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Electronic Roundtable '06

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Edward B. Foley
Free & Fair is a collection of writings by Edward B. Foley, one of the nation's preeminent experts on election law.

Electronic Roundtable '06

Politics and Race a Messy Mix in Argument on Texas Case

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March 1, 2006, 4:42 p.m.

Here's a quick effort to summarize the main impressions of this afternoon's two-hour argument. More details will follow:

  1. There was not much interest on the Court to invalidate mid-decade redistricting categorically, or even create a presumption against it. Justice Kennedy in particular seemed to think that the threat of mid-decade redistricting might be a salutary constraint on the temptations of decennial gerrymandering.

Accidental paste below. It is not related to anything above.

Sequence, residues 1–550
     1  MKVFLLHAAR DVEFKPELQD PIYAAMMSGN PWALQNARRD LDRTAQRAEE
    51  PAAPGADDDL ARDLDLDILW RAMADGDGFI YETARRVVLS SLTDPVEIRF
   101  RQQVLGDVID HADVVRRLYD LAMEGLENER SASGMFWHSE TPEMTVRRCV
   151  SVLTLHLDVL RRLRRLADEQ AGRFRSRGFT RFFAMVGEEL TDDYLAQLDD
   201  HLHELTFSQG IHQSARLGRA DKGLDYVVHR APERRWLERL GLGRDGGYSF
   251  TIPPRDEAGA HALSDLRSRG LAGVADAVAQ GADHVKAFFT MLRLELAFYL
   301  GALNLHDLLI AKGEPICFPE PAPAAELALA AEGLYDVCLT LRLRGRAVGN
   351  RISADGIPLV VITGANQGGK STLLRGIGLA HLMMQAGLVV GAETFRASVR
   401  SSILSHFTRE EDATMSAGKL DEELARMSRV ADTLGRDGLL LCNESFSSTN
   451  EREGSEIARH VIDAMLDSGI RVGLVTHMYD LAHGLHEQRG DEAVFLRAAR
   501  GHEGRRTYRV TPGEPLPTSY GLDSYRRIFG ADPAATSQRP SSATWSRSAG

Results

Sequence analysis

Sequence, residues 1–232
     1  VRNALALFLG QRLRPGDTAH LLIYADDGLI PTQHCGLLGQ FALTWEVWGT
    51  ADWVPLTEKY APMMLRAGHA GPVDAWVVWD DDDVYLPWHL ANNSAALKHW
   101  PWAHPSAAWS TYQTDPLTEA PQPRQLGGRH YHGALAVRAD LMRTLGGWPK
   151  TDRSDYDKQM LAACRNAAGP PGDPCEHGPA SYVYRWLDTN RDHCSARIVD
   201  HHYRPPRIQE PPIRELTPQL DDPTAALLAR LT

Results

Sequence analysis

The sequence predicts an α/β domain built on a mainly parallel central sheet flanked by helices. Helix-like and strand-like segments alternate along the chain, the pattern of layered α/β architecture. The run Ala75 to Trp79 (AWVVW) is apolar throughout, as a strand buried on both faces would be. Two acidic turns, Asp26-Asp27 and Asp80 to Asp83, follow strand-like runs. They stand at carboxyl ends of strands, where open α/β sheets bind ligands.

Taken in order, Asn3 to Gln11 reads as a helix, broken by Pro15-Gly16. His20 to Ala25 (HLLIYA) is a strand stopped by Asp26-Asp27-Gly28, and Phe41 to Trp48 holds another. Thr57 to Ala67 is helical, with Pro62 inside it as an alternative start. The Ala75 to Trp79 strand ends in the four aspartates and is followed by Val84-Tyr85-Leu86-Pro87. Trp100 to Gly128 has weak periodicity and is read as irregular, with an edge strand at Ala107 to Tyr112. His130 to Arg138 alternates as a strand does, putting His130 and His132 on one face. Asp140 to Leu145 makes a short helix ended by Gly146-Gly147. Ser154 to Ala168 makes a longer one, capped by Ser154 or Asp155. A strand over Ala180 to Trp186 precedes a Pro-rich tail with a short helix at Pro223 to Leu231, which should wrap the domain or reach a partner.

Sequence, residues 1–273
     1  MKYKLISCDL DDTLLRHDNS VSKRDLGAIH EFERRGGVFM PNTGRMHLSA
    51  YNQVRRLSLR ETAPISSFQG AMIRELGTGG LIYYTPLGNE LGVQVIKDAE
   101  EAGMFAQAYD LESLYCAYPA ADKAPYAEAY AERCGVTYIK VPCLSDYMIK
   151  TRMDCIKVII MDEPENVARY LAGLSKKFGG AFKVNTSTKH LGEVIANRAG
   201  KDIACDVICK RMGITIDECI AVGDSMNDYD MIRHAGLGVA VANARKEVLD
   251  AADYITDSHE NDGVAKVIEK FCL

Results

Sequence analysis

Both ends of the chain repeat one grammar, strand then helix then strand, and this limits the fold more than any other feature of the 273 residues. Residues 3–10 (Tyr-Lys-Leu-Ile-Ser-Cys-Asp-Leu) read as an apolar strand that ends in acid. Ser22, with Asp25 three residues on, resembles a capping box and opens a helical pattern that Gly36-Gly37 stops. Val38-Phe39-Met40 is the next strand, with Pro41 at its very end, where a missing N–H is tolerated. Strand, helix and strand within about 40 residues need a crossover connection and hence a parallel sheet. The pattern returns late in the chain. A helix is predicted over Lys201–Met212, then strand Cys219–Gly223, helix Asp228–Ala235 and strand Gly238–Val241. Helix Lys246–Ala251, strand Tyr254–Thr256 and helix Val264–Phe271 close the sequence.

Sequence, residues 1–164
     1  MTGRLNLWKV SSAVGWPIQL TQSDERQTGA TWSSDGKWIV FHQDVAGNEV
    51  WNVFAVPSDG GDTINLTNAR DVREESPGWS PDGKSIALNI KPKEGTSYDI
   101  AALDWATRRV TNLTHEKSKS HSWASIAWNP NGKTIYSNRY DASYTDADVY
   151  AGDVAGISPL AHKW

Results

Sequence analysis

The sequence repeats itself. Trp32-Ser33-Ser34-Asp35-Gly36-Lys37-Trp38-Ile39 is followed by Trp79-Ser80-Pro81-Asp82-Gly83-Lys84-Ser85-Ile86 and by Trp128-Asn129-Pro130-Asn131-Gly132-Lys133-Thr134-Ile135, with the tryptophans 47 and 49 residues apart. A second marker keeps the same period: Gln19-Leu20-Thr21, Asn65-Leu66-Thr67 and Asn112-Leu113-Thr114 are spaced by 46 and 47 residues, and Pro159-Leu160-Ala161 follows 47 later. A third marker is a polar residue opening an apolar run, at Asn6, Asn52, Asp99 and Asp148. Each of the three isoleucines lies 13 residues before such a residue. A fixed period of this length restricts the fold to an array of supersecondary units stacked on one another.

2. Justice Kennedy, at one point late in the argument when questioning the Texas Solicitor General, seemed to indicate that he still hopes that there will be a substantive standard for invalidating excessive gerrymandering, whether of the decennial or mid-decade variety. But it seems doubtful that there will be a cohesive effort on the part of a majority of the Court to adopt such a general standard, or that the 2003 Texas map would be held to violate it.
  3. Justices Breyer and Stevens asked questions based on their own very different substantive standards articulated in their separate Vieth dissents. At one point, it seemed like they might try to join forces on the notion that a state cannot draw a less compact district than in a previous plan if the only reason to do so was pure partisanship. But it was unclear whether Justice Kennedy would embrace such a standard.